But back to Ibram Lassaw. He too was an immigrant, from Egypt, working in New York as an artist from the 1920s; he became an active participant in the avant-garde art world and was a founding member of the American Abstract Artists. He learned to weld while serving in the US Army during World War II, and continued experimenting with ideas and materials for the next two decades. He fused his ideas on art-making with concepts derived from extensive and catholic reading to reach a philosophy about the holistic nature of the universe and all that is contained therein. He suddenly had an artistic breakthrough in the 1950s, and began to create complex structures that evoked nature in many forms, cosmic and microcosmic.

He said that everything is nature, "every atom that makes me up is nature". He wrote, "I am constantly absorbed by things that are going on around me, the motion of people in the streets, the movement of clouds, the patterns of branches. There is no duality, everything is nature."

It was obvious from the work, "Banquet" that he was fusing ideas about many aspects of life and nature in this work, to achieve a delicate complex work that rewards with careful inspection and contemplation. What I found so interesting, however, was one of those delicious coincidences that occurs: soon afterwards, I saw a re-broadcast on PBS of Hunting the Hidden Dimension. The Most Famous Fractal about the late Benoit Mandelbrot's wonderful mathematical way of describing the "roughness" he saw all around him in nature. Before Mandelbrot, artists had indeed seen the "self-similarity" and "roughness" in nature, but mathematicians had considered these jagged, self-repeating shapes unmeasurable. Mandelbrot introduced fractals, the concept of another dimension, a fractal dimension, that lay between two and three dimensions. This dimension allows for mathematical measurements and thus, amongst other things, a deeper understanding of self-similarity - the endless repetition of stalks of broccoli, trunks to branches to twigs on a tree and its leaves.

As an example, the image below is that of a high voltage dielectric breakdown within a block of plexiglass - it creates a beautiful fractal pattern called a Lichtenberg figure. The branching discharges ultimately become hair-like but are thought to extend down to the molecular level. (Bert Hickman. http://www.teslamania.com/)

12" block - Captured Lightning scupture (Image courtesy of Theodore Gray)

12" block - Captured Lightning scupture (Image courtesy of Theodore Gray)

Lassaw's "Banquet", created in 1961, was in many ways an early evocation of the same wonderful complexity that nature offers, everywhere, all the time.

These happy coincidences are what I love about seeing an art exhibition. There is always some work of art that makes one more aware, more able to make connections and add new, rich dimensions to life. What fun!

A Sense of the Marvellous by Jeannine Cook

I saw a large and diverse exhibition of black and white photographs of Paris, Twilight Visions: Surrealism, Photography and Paris, at Savannah's Telfair Museum. In the introductory explanation about all these photos which mostly date from the 1920s and 1930s, there was the phrase, "a sense of the marvellous". It struck me, because it is so important to retain that sense, especially if one wants to be an artist.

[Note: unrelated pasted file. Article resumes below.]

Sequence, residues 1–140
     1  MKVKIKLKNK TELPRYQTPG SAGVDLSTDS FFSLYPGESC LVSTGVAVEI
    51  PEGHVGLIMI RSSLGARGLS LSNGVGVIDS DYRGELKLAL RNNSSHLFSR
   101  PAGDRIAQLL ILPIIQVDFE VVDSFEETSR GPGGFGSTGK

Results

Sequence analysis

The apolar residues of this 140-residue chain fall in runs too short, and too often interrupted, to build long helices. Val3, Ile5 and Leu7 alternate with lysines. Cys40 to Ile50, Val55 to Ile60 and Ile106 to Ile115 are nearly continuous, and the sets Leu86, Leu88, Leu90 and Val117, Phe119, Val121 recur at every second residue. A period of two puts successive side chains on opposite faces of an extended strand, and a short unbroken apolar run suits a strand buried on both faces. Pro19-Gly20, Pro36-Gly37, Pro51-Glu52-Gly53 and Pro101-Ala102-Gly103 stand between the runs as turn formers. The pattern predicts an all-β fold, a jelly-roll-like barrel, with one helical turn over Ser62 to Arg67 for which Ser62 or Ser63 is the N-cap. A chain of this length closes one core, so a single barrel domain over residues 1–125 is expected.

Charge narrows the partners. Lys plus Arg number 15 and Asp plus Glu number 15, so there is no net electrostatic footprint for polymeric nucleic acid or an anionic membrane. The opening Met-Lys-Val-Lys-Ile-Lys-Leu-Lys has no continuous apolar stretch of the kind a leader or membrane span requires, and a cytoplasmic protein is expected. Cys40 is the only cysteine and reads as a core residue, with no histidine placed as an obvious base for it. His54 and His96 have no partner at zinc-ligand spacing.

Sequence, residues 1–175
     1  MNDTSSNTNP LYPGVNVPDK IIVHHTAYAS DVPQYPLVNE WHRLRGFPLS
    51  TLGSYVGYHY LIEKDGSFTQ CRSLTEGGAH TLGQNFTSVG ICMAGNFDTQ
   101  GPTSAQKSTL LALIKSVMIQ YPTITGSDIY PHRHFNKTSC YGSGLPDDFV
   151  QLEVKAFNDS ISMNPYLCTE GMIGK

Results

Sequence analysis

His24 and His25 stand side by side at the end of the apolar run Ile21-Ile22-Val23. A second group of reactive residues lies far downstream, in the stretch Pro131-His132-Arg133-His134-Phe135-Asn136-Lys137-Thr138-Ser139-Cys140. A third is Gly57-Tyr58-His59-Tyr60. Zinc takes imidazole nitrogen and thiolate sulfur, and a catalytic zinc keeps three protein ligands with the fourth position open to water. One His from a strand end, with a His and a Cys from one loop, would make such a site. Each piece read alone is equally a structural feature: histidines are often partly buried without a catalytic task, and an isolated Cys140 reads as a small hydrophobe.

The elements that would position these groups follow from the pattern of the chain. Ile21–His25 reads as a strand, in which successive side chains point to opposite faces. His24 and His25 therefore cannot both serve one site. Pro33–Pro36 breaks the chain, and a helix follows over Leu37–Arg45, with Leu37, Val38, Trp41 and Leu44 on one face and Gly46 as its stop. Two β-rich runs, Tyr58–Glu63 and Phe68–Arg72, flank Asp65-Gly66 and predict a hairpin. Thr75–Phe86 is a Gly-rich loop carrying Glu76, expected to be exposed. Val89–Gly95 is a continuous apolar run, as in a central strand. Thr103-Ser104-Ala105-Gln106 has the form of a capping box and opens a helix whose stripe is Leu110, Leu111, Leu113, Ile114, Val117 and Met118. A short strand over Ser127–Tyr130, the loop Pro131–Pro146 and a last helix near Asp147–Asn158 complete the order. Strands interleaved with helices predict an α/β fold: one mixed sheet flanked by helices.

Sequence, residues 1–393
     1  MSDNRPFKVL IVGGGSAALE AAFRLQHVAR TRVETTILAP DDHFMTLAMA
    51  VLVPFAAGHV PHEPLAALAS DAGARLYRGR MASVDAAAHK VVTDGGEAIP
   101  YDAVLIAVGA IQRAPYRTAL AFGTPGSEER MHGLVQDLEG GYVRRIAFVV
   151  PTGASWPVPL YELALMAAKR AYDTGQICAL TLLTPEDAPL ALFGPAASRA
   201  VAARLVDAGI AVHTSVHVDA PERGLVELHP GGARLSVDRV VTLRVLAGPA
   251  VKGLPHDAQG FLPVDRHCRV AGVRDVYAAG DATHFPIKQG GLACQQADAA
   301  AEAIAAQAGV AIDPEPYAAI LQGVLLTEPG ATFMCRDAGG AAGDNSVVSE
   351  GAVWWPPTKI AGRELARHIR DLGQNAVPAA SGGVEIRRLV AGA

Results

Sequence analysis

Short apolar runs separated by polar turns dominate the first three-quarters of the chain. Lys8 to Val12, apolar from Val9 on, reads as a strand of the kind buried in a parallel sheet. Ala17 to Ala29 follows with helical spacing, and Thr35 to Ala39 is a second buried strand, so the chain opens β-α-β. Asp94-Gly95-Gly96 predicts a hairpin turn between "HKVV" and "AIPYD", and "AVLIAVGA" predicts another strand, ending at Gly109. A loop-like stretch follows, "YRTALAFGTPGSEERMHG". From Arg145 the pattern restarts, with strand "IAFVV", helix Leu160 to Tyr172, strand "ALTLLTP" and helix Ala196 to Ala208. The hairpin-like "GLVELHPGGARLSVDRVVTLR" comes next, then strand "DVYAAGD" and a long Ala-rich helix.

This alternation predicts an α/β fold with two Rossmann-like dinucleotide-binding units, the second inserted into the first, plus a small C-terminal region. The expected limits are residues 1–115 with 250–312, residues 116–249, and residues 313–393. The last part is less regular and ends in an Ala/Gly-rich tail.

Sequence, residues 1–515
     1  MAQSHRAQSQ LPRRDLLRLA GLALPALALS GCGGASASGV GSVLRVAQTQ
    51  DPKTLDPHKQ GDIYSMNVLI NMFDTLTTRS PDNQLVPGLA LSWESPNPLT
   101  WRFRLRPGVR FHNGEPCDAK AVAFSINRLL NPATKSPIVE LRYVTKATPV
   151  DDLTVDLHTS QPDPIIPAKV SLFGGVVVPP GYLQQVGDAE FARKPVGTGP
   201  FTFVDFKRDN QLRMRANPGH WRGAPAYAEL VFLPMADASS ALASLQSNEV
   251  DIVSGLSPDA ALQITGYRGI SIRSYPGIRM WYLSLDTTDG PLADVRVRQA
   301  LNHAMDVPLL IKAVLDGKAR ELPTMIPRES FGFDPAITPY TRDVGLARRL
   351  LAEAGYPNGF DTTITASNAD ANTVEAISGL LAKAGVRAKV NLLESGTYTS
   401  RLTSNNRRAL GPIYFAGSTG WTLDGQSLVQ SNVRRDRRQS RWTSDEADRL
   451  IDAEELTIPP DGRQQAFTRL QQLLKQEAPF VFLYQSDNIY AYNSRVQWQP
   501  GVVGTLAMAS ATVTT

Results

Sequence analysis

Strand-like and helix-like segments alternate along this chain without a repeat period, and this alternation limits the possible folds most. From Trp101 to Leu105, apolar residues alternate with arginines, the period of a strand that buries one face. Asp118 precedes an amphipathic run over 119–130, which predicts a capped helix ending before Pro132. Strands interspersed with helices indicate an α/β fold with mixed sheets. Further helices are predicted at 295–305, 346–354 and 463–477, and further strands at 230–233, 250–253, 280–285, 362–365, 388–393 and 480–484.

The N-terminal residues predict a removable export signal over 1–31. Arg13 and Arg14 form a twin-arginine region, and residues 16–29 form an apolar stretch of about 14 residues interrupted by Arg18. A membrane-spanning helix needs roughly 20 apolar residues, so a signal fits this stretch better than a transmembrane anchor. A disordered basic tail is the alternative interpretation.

The exhibition did indeed illustrate some wonderful moments. Serendipitous sights - the wonderful reflection of buildings in a puddle by the pavement's edges by Ilse Bing, for instance, or extraordinary patterns of shadows and people beneath the Eiffel Tower by Andre Kertesz - were accompanied by more planned photographs of the illuminated Eiffel Tower. or old street scenes in Paris. There were many photographs which were much more "contrived", in keeping with the prevailing surrealism movement. But it was the photographs that record the photographer's eye and awareness of magic and marvels that I savoured most.

Ilse Bing, 'Three men on steps by the Seine' , (Image courtesy of the Victoria and Albert Museum)

Ilse Bing, 'Three men on steps by the Seine' , (Image courtesy of the Victoria and Albert Museum)

Ilse Bing, Rue de Valois, Paris, 1932, gelatin-silver print, (Image courtesy of Victoria and Albert Museum, London)

Ilse Bing, Rue de Valois, Paris, 1932, gelatin-silver print, (Image courtesy of Victoria and Albert Museum, London)

Perhaps I am greatly influenced by all the childhood hours I spent with my photographer grandfather, Frank Anderson, as he photographed herds of giraffe or other wild animals on our farm in Tanzania. With an important body of work to his credit, as he documented the disappearing tribes and the East African wild life, Frank had a keenly developed sense of the marvellous. He taught me that observation and awareness, as well as quick reactions in capturing a photograph, are key. Key to art-making, but key, too, to a deep enjoyment and appreciation of life. It was an invaluable preparation for my later life as an artist.

Children in central Tanganyika, 1929-30, sepia print, Frank Anderson photographer (copyright Jeannine Cook)

Children in central Tanganyika, 1929-30, sepia print, Frank Anderson photographer (copyright Jeannine Cook)

Dutch Utopia tour at Telfair Museum by Jeannine Cook

Today's visit to the Telfair Museum's exhibition, Dutch Utopia: American Artists in Holland, 1880-1914, was a fascinating delight for a huge group of art lovers from Savannah and beyond. Curator Holly McCullough led everyone through the genesis, choices, history and social background of an exhibition she had worked on for long years.